Finds Creativity in the Routine
Jill Jensen knows a thing or two about methodical problem-solving. With an educational background in material science and chemistry, Jensen spent the early years of her career as an engineer.
“Part of what I’ve learned in science training is that you don’t quit,” Jensen explained. “If the first thing doesn’t work, you come up with a solution and you keep going.”
When Jensen left her engineering role to start her family, she applied that same diligence to her other passion: printmaking.
“There is a rhythm [with printmaking] that comes into play,” she said. “Printmaking is process-oriented and there are multiple steps to get from the idea or image in your head to the final piece of work.
I like the process of methodically going through the steps of coming up with ideas. I draw the ideas out on tracing paper, so I can turn the paper over and transfer the image to a block. Then, I carve the plate.”
When Jensen creates her original designs, they are only contour drawings with no details, which allows her a bit of creative freedom to add elements as she works. As Jensen explores the possibilities of each design, she incorporates color pencil sketches within the print or will add embroidery or machine stitching to add even more texture and visual interest.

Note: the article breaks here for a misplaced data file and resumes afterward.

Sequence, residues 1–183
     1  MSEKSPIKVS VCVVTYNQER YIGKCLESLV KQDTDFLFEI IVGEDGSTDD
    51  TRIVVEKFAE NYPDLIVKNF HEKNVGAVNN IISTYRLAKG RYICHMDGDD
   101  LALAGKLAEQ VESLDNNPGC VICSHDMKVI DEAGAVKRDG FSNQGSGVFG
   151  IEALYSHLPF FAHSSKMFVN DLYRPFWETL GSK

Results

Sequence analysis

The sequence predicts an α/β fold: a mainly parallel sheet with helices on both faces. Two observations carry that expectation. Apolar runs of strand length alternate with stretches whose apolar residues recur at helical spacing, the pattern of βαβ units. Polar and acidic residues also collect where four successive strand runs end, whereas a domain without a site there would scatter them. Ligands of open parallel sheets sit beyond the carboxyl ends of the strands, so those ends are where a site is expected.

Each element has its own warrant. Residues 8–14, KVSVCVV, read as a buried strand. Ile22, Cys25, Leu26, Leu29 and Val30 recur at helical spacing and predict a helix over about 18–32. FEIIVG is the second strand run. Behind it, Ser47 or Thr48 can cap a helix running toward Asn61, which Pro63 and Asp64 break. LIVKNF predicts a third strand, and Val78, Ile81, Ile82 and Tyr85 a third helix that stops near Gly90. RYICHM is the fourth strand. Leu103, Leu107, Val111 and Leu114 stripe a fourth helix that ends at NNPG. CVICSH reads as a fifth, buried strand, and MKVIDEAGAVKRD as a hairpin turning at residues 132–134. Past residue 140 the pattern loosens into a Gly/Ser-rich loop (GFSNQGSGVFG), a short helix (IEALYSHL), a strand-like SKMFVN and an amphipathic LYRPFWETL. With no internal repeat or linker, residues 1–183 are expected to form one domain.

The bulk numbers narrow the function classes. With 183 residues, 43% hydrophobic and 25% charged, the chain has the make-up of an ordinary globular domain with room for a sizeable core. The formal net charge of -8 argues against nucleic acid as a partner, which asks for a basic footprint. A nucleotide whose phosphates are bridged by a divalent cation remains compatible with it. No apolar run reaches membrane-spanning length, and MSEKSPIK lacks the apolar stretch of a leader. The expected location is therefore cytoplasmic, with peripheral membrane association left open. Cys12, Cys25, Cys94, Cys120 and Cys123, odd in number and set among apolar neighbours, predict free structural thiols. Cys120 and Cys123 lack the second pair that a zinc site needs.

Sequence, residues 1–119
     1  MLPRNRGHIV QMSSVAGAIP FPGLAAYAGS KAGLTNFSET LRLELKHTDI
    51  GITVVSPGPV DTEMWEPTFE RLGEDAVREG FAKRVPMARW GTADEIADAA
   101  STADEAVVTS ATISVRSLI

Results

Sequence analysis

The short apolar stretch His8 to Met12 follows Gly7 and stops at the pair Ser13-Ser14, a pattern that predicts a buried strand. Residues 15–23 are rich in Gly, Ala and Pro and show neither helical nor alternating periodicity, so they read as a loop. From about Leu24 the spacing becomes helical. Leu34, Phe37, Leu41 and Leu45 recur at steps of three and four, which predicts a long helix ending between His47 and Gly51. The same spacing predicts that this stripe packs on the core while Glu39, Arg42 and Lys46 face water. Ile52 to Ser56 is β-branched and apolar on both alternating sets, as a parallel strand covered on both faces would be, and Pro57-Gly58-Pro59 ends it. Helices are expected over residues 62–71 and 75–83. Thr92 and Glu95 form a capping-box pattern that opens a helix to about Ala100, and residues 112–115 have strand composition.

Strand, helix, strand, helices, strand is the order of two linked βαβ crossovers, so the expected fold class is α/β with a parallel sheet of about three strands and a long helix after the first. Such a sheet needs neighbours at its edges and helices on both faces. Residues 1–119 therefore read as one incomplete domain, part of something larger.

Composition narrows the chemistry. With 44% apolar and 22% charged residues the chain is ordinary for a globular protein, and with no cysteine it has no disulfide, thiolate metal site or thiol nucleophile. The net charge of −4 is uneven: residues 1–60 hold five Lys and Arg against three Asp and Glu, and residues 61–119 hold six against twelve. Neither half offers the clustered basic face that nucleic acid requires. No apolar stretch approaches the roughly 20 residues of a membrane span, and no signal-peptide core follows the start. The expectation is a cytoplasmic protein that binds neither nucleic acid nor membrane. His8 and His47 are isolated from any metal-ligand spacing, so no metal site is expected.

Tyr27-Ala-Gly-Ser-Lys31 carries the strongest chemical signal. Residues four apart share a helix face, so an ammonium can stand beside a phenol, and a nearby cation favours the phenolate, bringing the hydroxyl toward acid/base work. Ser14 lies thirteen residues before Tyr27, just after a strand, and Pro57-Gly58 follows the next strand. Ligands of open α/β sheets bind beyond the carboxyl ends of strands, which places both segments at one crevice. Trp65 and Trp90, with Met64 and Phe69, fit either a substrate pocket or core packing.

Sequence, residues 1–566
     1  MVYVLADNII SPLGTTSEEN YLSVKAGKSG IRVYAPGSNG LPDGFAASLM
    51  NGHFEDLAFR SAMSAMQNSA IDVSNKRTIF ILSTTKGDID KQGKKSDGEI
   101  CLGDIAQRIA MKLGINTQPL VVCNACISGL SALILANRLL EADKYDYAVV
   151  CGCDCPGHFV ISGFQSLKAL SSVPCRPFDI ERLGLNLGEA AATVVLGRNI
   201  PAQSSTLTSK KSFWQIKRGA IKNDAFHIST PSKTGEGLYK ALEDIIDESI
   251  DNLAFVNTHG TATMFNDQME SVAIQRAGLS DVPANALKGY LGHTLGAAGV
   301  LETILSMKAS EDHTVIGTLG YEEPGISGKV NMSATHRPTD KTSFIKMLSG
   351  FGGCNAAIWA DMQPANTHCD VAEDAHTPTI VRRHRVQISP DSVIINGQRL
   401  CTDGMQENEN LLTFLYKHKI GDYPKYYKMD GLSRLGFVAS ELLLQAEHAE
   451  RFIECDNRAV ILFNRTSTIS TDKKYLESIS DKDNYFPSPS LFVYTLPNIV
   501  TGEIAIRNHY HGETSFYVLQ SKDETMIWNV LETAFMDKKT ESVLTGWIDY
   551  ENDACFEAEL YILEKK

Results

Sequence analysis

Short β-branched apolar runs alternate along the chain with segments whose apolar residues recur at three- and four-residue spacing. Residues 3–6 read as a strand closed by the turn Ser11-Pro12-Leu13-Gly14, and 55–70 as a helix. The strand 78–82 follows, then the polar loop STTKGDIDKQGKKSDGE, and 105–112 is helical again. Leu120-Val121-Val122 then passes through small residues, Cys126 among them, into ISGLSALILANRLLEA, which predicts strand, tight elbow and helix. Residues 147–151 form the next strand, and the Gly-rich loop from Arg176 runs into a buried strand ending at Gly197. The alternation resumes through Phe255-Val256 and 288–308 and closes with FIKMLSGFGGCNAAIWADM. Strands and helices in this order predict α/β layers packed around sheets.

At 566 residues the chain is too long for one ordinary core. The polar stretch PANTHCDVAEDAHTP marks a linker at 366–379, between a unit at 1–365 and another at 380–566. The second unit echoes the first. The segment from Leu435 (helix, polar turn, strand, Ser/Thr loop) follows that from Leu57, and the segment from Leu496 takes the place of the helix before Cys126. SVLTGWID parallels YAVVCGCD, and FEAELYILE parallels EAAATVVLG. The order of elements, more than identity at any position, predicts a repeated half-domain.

Jensen’s printmaking has evolved over time to incorporate additional media largely because of her daily and weekly commitment to creating something every day.
“I have both a daily art practice and a weekly art practice,”
she explained. “I make sure that I do some sort of artwork every day, usually a drawing in a sketchbook. I made the rule for myself that I can’t go to bed until I put something in a sketchbook—it may be pen and ink, pen and ink plus watercolor—but something has to be done every day. And then I have my weekly practice. I have the rule that between Sunday and midnight Saturday of that week that I must do a miniature art quilt. It can be related to something that happened that week—like a holiday or something—or an experiment in mixing colors or carving a new printing plate.
It changes size each year, but it is the same size for the entire year. On the backside of each miniature quilt, I journal about what happened that week. Each one has a weekly number and then the date that I did it.”
Jensen has been committed to her weekly practice for 22 years, only missing her midnight deadline twice.
“If you stop, you lose momentum,” she said. “Knowing myself, I realize how important it is for me to make something, no matter how small it is. To keep the ball rolling.”
Jensen will be participating in a solo art exhibition at The Lynchburg Art Club for the entire month of January. Her work is available for purchase via jilljensenart.com, and she is currently accepting commissions.